The tea brand from HUL has collaborated with The Better India, a tech-media platform, for this series. A look at the first story.
The dark memories of the India-Pakistan partition continue to haunt people after more than 70 years. But behind all the hatred and violence, there are a few stories of love and brotherhood that bridge the religious divide and serve as a narrative for brands to leverage 'communal harmony' as a subject for their marketing campaigns. Riding such a wave is Brooke Bond Red Label, in association with The Better India, a tech-media platform, who launched an ad campaign titled #BreakingBarriers.
The five-part online series that has been conceptualised and executed by The Better India, will be hosted on The Better India's channels, mainly Facebook and YouTube. A dedicated category and microsite for the series have been created on www.thebetterindia.com. Social handles are also put to use for creating a buzz about the series using Facebook, Twitter and Instagram.
Red Label has traditionally been a TVC-led brand. But things changed ever since the 6-Pack Band campaign was launched. In fact, Red Label has started advertising aggressively on digital platforms, thereby releasing a series of long-format films (2-3 minutes) with minimal branding. Even, #BreakingBarriers looks more like a mini-movie and the branding comes almost at the end of the film with no mention of tea at all. So, we asked Shiva Krishnamurthy, general manager, tea - marketing, Hindustan Unilever (HUL) what is the strategy and thought behind this move?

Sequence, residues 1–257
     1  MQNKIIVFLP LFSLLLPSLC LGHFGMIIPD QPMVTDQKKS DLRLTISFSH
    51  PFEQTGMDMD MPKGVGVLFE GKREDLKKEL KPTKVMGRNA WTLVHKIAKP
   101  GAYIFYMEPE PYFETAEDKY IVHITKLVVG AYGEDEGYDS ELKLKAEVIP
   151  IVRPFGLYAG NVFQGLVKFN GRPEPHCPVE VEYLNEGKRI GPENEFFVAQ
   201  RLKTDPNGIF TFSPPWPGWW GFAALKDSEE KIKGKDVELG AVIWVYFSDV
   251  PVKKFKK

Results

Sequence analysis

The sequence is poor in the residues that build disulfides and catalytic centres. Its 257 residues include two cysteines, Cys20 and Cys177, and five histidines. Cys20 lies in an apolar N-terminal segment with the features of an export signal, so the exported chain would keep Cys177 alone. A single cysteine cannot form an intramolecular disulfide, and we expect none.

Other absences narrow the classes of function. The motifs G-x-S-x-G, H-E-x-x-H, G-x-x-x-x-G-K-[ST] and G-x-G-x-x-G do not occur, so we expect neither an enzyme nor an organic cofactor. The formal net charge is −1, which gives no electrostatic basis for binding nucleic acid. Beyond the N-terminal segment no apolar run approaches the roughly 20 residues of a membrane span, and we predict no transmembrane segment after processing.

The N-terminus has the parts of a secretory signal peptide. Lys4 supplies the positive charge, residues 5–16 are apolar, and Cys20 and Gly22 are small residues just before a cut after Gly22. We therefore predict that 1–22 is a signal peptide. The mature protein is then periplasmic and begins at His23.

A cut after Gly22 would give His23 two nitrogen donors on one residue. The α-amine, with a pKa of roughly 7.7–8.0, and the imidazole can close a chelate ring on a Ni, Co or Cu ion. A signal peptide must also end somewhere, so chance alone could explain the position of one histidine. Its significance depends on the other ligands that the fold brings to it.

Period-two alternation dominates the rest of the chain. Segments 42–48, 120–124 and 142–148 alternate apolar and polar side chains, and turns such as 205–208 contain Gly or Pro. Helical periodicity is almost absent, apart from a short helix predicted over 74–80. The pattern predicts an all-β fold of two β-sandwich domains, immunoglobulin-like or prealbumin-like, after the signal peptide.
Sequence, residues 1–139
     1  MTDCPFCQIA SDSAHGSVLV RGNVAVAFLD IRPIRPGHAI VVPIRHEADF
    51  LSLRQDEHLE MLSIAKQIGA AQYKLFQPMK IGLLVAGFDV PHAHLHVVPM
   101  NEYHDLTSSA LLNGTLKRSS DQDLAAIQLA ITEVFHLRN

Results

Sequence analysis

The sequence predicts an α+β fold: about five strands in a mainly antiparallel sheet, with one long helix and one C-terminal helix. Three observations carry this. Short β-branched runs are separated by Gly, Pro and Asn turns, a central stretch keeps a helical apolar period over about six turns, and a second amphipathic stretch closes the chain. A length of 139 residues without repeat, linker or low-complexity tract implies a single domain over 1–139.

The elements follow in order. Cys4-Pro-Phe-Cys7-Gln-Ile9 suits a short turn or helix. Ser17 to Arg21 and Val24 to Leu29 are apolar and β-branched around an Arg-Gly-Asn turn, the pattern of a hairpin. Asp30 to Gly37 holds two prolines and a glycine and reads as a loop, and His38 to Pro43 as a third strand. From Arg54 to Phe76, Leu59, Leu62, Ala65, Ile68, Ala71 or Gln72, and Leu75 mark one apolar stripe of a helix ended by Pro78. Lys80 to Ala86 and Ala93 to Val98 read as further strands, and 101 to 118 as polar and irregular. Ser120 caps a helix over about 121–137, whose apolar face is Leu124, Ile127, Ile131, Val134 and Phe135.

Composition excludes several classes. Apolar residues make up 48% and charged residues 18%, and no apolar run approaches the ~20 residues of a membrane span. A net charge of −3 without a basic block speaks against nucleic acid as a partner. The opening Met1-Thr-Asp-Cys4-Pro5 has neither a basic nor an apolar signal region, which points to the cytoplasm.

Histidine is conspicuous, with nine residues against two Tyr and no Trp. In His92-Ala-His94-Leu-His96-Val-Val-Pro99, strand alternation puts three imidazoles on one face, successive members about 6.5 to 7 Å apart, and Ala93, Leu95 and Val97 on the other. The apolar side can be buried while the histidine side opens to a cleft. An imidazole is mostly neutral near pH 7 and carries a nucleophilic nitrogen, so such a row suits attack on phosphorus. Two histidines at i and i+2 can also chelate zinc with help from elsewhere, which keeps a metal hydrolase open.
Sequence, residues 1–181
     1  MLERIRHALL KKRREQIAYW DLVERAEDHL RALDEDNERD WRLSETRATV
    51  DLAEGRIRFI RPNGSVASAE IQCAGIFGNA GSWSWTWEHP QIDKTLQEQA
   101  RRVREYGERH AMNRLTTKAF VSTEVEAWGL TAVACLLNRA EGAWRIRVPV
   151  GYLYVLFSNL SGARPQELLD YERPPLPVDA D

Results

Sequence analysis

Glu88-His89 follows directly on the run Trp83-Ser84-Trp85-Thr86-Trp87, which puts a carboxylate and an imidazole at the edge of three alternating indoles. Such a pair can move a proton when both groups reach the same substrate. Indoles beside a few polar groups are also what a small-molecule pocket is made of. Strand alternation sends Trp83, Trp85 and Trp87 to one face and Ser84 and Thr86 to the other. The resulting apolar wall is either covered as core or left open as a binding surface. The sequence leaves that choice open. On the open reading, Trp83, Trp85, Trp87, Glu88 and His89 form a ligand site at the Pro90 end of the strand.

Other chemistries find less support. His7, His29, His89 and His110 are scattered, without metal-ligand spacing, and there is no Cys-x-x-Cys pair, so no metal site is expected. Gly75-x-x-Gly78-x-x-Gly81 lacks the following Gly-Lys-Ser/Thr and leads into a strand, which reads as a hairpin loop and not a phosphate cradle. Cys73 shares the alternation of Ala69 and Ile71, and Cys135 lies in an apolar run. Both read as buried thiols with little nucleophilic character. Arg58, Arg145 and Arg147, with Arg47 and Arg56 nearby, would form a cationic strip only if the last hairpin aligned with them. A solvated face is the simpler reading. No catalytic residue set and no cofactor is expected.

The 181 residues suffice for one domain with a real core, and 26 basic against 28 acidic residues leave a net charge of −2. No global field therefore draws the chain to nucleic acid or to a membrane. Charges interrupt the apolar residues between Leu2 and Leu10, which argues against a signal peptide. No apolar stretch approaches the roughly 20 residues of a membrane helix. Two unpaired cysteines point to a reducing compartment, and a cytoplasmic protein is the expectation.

"Brooke Bond Red Label's purpose is to make the world a more welcoming and inclusive place. We are always looking for different ways to engage consumers and society at large with our purpose. Brooke Bond Red Label's Breaking Barriers is one of the ways for us to walk the talk in promoting inclusiveness," says Krishnamurthy.
The first film of the series - Religion of Love - is about the Mallah village in Jagraon Tehsil of the Ludhiana district in Punjab. The hamlet has a population of 10,000 with only three Muslim families.
After the village's only mosque was demolished during the partition, the residents got together and rebuilt the structure. This was done so the devout from the Muslim families wouldn't have to travel more than 20km every day to offer namaaz, thus setting an example of fraternity and communal harmony.
Speaking about the initiative, Krishnamurthy tells afaqs! "Under this series, with The Better India, we'll bring forward true stories from across the country that inspire togetherness, break social barriers and pave the way for a more inclusive society."
When the creative team started researching the subject, it came across a poem written by Bulleh Shah (a Sufi saint who has followers and admirers on both sides of the border) that talks about a perfect state of harmony. They wanted to use it in the film, possibly as part of the edit, because according to them, it truly represented Mallah. But when they shared the poem with the denizens, one of the elderly came forward to sing it for the film.
Talking about the challenges of making the films, Dhimant Parekh, co-founder and CEO, The Better India, says, "We are working with real people; no sets, no make up and with barely any props. They have to envision the film the same way you see it. Their delivery can make or break a film; too many retakes can kill the moment. But once you've established a strong connection with them, there's no turning back."